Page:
MyRepublica.com reports that Nepal’s Ministry of Information and Communications (MoIC) has submitted plans to the Ministry of Law and Justice (MoLJ) looking for clearance for its proposal to open up voice-over-internet protocol (VoIP) services to any companies holding a requisite licence. The opening up of the IP telephony market in the kingdom is a pre-requisite of an agreement signed by the government with Asian Development Bank (ADB) on an ICT development project between the pair. As such, ADB is stumping up USD6 million towards a USD25 million state-backed ICT development project to bring cheap voice over broadband services (VoB) to the Nepali population.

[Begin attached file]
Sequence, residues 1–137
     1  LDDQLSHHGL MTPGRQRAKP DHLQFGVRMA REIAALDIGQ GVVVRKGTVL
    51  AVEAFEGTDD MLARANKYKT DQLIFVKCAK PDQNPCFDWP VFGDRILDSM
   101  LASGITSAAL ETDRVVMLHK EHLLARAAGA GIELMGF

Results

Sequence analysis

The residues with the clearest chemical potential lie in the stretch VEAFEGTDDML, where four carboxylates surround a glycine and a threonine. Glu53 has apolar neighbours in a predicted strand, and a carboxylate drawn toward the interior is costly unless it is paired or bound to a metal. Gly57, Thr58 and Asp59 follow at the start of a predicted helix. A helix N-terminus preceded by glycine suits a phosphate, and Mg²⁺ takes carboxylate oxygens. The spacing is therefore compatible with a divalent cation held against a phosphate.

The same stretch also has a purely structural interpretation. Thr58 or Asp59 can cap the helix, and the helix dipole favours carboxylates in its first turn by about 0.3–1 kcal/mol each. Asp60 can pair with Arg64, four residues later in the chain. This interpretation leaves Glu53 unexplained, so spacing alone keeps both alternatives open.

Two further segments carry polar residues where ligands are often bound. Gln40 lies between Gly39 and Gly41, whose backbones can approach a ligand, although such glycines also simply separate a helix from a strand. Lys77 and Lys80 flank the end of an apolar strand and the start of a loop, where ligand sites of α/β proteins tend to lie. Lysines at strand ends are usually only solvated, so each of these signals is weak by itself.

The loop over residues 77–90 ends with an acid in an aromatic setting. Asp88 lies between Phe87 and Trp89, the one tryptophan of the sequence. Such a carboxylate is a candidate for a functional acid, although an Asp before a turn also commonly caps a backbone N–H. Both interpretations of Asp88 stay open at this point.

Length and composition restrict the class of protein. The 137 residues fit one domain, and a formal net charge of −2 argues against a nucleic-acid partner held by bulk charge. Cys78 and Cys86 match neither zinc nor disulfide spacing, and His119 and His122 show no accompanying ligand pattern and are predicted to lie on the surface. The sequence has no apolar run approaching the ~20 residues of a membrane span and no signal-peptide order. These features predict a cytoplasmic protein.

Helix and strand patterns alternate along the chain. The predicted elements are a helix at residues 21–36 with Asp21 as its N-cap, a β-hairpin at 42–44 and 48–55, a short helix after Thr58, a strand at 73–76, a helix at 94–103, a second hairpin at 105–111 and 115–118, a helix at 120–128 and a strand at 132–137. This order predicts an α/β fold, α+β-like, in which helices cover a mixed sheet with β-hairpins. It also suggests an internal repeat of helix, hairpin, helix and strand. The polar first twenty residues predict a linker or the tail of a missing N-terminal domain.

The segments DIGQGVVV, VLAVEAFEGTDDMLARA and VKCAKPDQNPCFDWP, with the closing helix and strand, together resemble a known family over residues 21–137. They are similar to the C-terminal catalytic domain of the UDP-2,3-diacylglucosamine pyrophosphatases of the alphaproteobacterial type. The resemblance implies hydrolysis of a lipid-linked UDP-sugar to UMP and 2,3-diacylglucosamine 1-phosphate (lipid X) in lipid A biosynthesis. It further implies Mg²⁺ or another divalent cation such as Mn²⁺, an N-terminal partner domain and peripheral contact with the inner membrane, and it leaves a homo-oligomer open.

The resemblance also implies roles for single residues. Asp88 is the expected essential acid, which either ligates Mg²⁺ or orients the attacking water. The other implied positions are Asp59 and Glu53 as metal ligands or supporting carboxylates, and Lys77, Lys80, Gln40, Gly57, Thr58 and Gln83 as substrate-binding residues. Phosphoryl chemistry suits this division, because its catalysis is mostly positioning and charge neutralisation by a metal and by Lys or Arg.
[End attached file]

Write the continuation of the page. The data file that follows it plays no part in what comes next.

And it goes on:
The government approved the proposal in principle twelve months ago, but the MoIC put the plan on hold while it assessed the technical and economic implications of allowing VoIP to operate on an open basis. ‘We have completed a year-long study and have decided that there are no problems to launch the service,’ an official at MoIC is quoted as saying. The ministry says that only companies which currently operate broadband service in at least 25 districts including 1,300 Village District Communities (VDCs) will be awarded a VoIP licence. At present, Nepalese carriers can use the internet to make calls abroad, but terminating IP-based calls from abroad is illegal.